February is Pet Dental Health Month and since my vet was offering a 10% discount on dental services i FINALLY decided to take in my 9 year old Maltese who was in desperate need of having one of her pre molars pulled. Since I was apprehensive of having her put under anesthesia I had put this procedure off for years. The result was absolutely disgusting fish breath and a tooth that looked like a prehistoric fossil!
Luckily, the procedure went well and they cleaned the other teeth which were all in relatively good condition. The best part is that now my dog’s breath is odor-free!
$500 later, I have now added a new New Year’s Resolution to my list– Brush my dog’s teeth at least three times per week.
Here was my list of reasons for NOT brushing her teeth. If any of these sound familiar, save yourself the $500– and go out and spend $12 on a brush and paste and get brushing!!!
1. “I only give her dry dog food so I don’t need to brush her teeth“: Unfortunately most dry dog foods have high starch content. Sugar and starches combine with the bacteria in the mouth and produce acids. These acids can eat away at the enamel on the tooth in addition to causing plaque build-up.
2. “My dog doesn’t like it”: When I was a kid, I didn’t like brushing my teeth, but it wasn’t a choice. It is part of a healthy lifestyle. If you let your dog make all the decisions in your house, it would be a disaster!
3. “I don’t need to”: I give them bones and chew toys: This is an equivalent approach to only chewing gum for your personal dental hygiene. You won’t find a dentist that recommends that approach! It is a nice addition but can’t do the job alone.
4. “I just put an additive in the water”: This is an equivalent approach to only using a mouth rinse for your own personal hygiene, except not even as good because your dog isn’t gargling and rinsing. Again, a nice addition but not sufficient by itself.
5. “My dog’s mouth is too small for a brush“– Guess what? There are really small brushes out there. And if you can’t find one, use dental wipes instead. While not quite as effective as brushing, textured dental wipes still offers the abrasion necessary to keep plaque and tartar at bayy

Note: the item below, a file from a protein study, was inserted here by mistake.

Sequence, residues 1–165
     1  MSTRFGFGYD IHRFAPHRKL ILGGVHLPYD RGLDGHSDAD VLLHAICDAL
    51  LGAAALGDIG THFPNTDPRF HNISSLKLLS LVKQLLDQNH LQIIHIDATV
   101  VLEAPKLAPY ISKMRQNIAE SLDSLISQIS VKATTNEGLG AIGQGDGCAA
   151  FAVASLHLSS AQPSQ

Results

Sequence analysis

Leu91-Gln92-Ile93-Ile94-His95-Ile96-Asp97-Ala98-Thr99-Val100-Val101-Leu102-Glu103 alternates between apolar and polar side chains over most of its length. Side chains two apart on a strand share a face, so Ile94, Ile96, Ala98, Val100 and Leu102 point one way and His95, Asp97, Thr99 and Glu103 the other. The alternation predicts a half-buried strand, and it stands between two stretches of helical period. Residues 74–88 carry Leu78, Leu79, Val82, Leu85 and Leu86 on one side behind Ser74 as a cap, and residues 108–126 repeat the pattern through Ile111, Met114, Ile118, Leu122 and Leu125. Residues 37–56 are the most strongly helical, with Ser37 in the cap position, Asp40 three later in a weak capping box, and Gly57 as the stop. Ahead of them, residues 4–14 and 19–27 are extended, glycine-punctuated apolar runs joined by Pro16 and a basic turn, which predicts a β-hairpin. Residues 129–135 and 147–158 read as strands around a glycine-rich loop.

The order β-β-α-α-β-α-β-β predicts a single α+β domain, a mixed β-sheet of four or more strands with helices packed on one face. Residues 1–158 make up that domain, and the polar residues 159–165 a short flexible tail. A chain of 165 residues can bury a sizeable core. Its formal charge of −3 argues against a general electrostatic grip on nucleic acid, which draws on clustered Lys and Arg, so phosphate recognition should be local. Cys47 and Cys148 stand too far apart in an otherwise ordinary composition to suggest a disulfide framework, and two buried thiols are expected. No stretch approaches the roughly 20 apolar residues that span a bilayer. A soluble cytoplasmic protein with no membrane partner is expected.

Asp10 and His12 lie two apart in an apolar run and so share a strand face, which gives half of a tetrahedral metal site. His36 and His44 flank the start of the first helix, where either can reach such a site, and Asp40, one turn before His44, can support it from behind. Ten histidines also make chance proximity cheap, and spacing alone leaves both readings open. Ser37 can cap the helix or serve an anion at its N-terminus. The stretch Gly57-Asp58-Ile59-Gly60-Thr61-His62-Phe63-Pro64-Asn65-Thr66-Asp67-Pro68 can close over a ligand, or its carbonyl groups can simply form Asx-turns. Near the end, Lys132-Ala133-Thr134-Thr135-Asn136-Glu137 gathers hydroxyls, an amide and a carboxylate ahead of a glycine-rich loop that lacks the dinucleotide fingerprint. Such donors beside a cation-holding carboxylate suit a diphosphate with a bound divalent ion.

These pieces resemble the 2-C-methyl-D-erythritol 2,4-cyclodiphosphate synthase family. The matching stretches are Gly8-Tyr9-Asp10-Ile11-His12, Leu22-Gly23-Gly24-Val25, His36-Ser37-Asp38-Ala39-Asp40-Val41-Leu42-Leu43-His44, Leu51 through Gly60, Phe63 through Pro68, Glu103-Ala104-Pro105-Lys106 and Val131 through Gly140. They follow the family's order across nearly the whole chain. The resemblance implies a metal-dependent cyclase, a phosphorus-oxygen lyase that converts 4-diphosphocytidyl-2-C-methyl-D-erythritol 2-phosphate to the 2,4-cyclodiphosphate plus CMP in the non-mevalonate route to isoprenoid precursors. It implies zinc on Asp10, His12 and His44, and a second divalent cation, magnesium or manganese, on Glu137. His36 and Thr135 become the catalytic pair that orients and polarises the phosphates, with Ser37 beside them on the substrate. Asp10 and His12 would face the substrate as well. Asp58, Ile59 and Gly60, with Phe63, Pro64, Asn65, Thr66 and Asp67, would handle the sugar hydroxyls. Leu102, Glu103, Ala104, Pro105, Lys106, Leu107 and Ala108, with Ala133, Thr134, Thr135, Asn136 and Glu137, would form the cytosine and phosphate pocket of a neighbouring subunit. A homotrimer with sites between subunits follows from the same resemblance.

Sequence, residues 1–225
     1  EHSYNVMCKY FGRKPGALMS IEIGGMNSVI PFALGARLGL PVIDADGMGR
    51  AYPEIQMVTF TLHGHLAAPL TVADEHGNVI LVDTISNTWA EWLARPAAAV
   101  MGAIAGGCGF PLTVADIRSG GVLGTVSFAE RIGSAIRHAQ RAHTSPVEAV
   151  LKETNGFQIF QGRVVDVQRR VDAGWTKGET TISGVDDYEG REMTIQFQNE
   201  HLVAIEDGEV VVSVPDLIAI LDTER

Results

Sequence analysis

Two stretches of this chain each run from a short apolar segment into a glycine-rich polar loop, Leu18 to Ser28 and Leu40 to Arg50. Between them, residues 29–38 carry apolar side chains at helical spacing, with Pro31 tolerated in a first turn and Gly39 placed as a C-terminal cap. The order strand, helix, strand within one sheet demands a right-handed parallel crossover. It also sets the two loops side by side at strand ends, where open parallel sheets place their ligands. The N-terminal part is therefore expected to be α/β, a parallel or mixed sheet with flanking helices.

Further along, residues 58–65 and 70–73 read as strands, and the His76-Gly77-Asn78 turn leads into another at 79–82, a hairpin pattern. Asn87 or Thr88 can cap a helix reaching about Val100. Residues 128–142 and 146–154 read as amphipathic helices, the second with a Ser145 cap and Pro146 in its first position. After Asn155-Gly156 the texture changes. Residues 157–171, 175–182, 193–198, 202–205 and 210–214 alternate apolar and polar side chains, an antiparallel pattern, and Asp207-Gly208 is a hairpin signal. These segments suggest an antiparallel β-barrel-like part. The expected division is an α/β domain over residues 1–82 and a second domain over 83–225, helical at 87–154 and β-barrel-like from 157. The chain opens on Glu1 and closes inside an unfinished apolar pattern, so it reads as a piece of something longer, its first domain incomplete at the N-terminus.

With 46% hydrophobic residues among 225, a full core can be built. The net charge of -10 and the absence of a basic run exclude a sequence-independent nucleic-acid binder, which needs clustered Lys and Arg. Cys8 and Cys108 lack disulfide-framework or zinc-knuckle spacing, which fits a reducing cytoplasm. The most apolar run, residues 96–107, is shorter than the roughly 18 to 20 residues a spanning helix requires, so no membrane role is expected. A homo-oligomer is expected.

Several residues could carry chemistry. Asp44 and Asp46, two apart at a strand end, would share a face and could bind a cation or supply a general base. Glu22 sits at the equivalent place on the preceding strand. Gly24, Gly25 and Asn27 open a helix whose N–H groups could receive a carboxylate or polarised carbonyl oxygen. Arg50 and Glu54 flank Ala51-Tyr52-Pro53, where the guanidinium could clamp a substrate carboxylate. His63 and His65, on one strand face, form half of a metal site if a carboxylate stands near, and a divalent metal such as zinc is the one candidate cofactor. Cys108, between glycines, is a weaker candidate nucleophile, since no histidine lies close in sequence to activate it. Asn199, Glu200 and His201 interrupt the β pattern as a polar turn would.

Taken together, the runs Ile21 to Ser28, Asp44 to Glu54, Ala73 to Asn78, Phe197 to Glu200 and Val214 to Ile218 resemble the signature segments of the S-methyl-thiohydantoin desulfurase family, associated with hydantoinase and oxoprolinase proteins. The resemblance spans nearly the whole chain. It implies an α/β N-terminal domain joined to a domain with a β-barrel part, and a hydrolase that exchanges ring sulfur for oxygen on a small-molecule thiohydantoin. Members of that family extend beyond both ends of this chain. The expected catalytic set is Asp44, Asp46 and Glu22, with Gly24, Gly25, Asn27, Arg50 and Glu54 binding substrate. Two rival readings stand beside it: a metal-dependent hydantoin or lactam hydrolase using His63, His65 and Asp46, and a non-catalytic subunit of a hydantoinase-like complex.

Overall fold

Oh, you don’t love spending time and money as a stranger picks, buffs, scrapes, fills or pulls your teeth? Join the club. No one says you ought to enjoy dental appointments, but that doesn’t mean you should skip them. It’s through the mouth that we breathe, eat, communicate and kiss, so it’s usually worth 45 minutes of discomfort to keep your mouth healthy. If you’re not convinced, we’ve debunked three popular excuses for skipping appointments.
Dental work is too expensive. Many of us have dropped a swollen, drool-soaked jaw upon leaving a dental appointment and hearing the cost of the procedure. In fact, more than one in three Americans delays dental care because of their financial situation, according to a 2013 survey by ORC International and Aspen Dental, which also shows that 61 percent of workers making less than $35,000 per year don’t have dental insurance. A study from Harris Interactive and the American Dental Association elaborates on the dental divide: There are those who can afford dental care, go to the dentist and have good oral health, and then there are those who can’t afford dental care, avoid the dentist and thus land with poor oral health, which is quite expensive to treat.
Yes, shelling out for fillings and cleanings can be frustrating and flat-out difficult to afford if you’re broke. But putting off these necessary appointments can cost much more in the long run. Nathan Laughrey, owner of several Aspen Dental practices in western Pennsylvania, sees many patients with decay, broken teeth and lost fillings. “If they came in right away or had routine maintenance, we could have covered them with crowns and replaced fillings – a couple hundred dollars worth of work,” he says. “But it turns into thousands of dollars worth of extractions and root canals.”
Laughrey also has patients who have had gum disease for years but didn’t recognize the warning signs – persistent bad breath and receding gums that may be red, swollen and tender, among others. So by the time they pay him a visit, he often needs to pull all their teeth. Indeed, the ADA survey shows that adults making less than $30,000 per year are more than twice as likely than those earning $30,000 or more to have had all their teeth removed.
Tooth decay and gum disease are slow, progressive problems; you don’t wake up one morning and suddenly need all your teeth pulled. At regular appointments, professionals can detect warning signs, help you prevent the diseases if you’re at risk and catch them in their early stages – before they do major damage to your mouth and wallet. “They’re easily prevented and controlled diseases,” says William Kohn, vice president of dental science and policy at Delta Dental Plans Association, and a former director of the Division of Oral Health at the Centers for Disease Control and Prevention. “But once they start, they’re hard to reverse. Prevention is key to dental success.”